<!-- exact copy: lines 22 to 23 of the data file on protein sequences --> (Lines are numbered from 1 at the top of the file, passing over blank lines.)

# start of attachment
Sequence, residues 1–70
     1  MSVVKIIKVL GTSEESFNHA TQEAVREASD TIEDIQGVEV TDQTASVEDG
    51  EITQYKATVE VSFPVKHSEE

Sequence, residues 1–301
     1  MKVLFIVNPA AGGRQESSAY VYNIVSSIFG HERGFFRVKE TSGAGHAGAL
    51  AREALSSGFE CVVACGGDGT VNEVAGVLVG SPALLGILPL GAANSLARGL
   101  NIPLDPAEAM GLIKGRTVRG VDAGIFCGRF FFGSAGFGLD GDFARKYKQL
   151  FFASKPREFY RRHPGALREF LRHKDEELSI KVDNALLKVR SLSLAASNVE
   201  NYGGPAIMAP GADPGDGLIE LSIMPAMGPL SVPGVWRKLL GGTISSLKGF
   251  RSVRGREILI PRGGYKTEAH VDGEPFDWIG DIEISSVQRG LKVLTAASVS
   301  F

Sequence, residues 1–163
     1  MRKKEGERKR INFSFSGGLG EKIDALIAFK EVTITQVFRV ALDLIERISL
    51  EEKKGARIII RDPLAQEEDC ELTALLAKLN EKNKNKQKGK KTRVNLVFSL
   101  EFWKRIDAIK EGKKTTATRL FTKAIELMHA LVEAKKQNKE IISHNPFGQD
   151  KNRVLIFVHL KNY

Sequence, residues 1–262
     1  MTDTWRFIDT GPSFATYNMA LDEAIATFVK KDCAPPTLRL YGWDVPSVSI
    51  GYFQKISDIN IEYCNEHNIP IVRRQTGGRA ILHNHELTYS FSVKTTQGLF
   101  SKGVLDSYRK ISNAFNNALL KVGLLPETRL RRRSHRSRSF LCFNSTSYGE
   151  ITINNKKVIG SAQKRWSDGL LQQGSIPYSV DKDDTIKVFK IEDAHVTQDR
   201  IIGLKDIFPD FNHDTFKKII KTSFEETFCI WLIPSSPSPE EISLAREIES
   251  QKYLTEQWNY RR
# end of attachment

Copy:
   201  IIGLKDIFPD FNHDTFKKII KTSFEETFCI WLIPSSPSPE EISLAREIES
   251  QKYLTEQWNY RR